The architect on this major project was Howard Backen of Backen, Gillam & Kroeger Architects. Features of the new space include 30-foot high glass walls looking into an atrium at the entrance. Visitors will see the barrel cellar, a dining room and the underground cellar. And in homage to the Martini’s, an outdoor area called Martini Park will offer guests a number of tasting options including under the private cabanas. Additional experiences will be offered – more details coming here in mid 2019!
A sizable bar is located in the current tasting room on one side with several tables if you would rather sit down for your tasting – and plenty of lounge style more private seating among their barrels on the other side. Weather permitting, outside seating is available at tables next to several rows of empty wine barrels.
The vineyard on site is called the Thomann Station Vineyard, named after the actual train station stop which used to be located here. Interestingly enough this seven acre vineyard is planted entirely to Petite Sirah.
One tour is offered daily, hosted at 2:00PM called “Experience Cabernet” which is reservation only. On this tour, you will learn a little bit about the Martini family’s history, their emphasis on red wines from Napa and Sonoma County premium vineyards, special wine making techniques used, fruit sources, and unique characteristics of their wines. The tour is a good introduction to wine making and general winery operations with lots of time for specific questions. You will finish the tour with a tasting of several of their Cabernet Sauvignons.
On the start of the tour you will see that one end of the original winery building is completely covered with ivy. It is a huge wall – walk to the end of this wall and you will see the massive vines of this single plant which have completely grown over the side of the building…this gets our vote for the largest Napa Winery Ivy plant! During the main tour you will stop in their barrel aging facility – note the huge redwood tanks that date from the 1940’s and 1950’s. You don’t see these in many Napa wineries today – although they are no longer in use. In 2003 a ‘micro winery’ was built on site called Cellar no 254. This building houses small lot tanks and focuses on small production hand crafted wines. After visiting this winery you will see one of three large barrel storage rooms and then head to the original cellar located just downstairs from the actual tasting room. Here sizable tanks line the walls and is where you will finish your tasting with some freshly sliced prosciutto.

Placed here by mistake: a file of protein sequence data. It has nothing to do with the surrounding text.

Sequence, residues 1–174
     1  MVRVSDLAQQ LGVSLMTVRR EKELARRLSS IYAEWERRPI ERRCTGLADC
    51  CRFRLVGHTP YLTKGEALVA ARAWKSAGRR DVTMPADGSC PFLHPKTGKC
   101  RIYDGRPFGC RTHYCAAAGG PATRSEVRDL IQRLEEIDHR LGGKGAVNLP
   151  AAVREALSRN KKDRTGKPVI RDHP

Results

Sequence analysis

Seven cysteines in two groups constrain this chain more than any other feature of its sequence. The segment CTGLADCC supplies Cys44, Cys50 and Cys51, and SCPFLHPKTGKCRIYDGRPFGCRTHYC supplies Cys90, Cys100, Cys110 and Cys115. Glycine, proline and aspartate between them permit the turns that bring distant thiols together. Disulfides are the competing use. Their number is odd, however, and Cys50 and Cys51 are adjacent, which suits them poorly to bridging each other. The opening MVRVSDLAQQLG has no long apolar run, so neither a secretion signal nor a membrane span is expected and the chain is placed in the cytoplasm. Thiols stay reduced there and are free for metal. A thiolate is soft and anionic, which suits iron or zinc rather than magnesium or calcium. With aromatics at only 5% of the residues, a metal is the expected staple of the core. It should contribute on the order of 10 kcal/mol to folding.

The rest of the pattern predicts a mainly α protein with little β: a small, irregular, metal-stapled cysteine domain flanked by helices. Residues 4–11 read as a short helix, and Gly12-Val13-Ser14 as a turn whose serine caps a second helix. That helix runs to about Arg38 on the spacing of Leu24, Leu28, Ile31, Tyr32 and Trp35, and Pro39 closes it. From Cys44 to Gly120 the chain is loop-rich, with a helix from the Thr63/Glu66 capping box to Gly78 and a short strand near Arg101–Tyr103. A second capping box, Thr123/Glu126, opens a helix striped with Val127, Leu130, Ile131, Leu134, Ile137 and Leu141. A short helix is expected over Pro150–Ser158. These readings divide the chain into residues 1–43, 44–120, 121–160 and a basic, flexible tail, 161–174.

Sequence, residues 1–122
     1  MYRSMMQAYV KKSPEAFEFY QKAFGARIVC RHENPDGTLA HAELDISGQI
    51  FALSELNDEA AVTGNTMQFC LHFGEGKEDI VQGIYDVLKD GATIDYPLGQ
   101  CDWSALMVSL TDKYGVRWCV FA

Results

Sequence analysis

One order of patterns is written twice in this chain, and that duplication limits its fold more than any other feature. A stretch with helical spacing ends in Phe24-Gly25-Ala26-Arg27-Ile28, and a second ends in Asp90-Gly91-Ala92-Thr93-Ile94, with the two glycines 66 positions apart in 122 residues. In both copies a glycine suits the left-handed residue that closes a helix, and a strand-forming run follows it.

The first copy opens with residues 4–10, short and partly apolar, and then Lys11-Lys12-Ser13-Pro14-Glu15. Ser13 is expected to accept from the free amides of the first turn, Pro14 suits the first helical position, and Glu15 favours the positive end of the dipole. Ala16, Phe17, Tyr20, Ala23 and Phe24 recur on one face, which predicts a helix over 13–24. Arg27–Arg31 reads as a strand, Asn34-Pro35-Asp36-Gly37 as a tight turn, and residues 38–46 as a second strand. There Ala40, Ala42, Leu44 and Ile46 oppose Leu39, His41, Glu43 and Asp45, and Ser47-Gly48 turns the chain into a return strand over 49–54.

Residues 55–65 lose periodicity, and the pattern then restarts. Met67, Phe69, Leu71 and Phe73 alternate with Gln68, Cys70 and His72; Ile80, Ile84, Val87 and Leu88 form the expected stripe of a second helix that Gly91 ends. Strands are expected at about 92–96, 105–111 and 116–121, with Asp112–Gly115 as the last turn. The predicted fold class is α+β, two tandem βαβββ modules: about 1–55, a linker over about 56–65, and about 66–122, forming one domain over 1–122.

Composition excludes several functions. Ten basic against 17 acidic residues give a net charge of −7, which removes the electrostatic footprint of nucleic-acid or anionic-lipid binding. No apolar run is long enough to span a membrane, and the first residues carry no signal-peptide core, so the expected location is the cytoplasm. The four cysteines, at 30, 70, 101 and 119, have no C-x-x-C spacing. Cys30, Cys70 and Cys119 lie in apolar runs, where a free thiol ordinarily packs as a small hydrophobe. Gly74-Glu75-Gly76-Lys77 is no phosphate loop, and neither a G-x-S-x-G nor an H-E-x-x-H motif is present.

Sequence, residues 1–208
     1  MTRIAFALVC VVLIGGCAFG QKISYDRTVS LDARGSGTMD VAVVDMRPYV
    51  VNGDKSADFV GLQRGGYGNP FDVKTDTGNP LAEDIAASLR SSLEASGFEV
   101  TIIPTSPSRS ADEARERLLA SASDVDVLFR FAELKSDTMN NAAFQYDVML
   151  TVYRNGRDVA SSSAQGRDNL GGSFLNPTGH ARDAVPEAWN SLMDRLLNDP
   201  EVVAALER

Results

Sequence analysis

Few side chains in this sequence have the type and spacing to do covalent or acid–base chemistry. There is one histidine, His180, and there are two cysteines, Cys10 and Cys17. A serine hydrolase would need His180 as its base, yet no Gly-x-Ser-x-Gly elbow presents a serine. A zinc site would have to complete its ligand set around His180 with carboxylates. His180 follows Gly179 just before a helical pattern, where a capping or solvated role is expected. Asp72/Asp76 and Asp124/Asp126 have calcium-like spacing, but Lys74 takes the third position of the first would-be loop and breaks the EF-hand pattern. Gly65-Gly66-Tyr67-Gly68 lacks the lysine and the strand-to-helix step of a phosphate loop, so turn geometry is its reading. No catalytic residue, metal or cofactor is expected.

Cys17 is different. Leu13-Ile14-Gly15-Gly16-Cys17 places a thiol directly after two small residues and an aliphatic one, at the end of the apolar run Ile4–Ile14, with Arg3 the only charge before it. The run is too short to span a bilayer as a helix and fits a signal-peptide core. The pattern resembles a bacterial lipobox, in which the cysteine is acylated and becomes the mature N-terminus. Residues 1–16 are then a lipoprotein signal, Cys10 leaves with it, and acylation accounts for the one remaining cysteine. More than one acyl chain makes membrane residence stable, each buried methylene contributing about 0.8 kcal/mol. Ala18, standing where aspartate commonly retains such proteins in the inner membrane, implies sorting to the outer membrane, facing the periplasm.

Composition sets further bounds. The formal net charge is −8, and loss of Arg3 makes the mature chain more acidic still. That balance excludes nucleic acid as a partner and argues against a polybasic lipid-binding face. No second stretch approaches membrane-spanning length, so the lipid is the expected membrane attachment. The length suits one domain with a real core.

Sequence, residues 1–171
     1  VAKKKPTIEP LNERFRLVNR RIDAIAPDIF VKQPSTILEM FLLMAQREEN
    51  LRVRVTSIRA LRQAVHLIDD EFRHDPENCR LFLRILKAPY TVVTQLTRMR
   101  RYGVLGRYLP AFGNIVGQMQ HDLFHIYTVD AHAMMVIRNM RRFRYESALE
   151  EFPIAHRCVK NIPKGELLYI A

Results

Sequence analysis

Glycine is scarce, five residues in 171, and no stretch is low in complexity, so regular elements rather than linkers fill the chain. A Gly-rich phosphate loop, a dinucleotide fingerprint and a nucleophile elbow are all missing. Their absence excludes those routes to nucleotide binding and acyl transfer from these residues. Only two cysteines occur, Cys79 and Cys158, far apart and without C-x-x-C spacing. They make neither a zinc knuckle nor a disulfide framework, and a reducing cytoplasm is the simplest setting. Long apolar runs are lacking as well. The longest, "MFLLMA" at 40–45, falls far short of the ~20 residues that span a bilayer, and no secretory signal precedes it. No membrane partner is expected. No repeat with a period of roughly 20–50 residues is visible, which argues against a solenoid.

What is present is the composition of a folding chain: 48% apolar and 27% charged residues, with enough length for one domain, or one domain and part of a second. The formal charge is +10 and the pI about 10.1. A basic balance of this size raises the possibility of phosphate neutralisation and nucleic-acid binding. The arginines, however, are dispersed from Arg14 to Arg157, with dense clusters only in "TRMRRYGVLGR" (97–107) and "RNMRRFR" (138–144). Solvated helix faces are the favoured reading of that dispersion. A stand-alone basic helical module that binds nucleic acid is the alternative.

It is always interesting to compare terroir differences between same vintage wines and typically you will try a Sonoma and a Napa Cabernet side by side; both are completely different in flavor and style from each other. If you enjoy full bodied, fruit forward Cabernets, try the Monte Rosso Cabernet Sauvignon. This wine is made in limited production and is typically only sold at the winery. The fruit for this wine is from vineyards Louis M Martini originally purchased in 1938 located in the Mayacamas mountains above Sonoma Valley in Sonoma County. This vineyard and wine’s name in Italian means “red mountain” which is quite representative of the rich red soils found there. We tried the 2004 vintage; it has lots of fruit up front with some nice spice characteristics and just a touch of oak on the finish. It pairs very well with the provided prosciutto. Over forty different prosciutto’s were sampled by staff before they decided on this particular one.
A rare and intriguing wine is the Knarly Vine Zinfandel. The wine is from old Zinfandel vines growing in the Monte Rosso Vineyard, some of which date back to 1890. An old vine Zinfandel ‘bush’ from this vineyard is on display in the cellar room. With one look at this vine, one can clearly understand why the name “knarly vine” was chosen for this wine. The 2012 Knarly Vine Zinfandel shows fruit forward aromatics that this varietal is often known for – especially in a year such as 2012 which was the first of three excellent vintages in a row in the Napa area. The bouquet shows a cherry liqueur component, black cherry with some holiday spices (clove). There is a beautiful textural softness on the palate with layers of flavor showing through to the finish.
During one of our visits, we were treated to a Martini Cabernet Sauvignon from 1979 – the nose on this was like a tawny port, but the mouth feel was as smooth as you will ever find from an older Cabernet.
There are several places on site for dinner parties, groups, or educational wine seminars. As a side note, William Hill Winery in the southern part of the Napa Valley is also under Gallo ownership as is their winery, Gallo Family Vineyards in Dry Creek Valle (neighboring Sonoma County). In 2016 Gallo purchased the Orin Swift inventory and tasting room in St. Helena.
For more details about this historic producer, to schedule and appointment or to join their wine club, visit www.louismartini.com
Tasting Room, Cellar
Other Winery Photos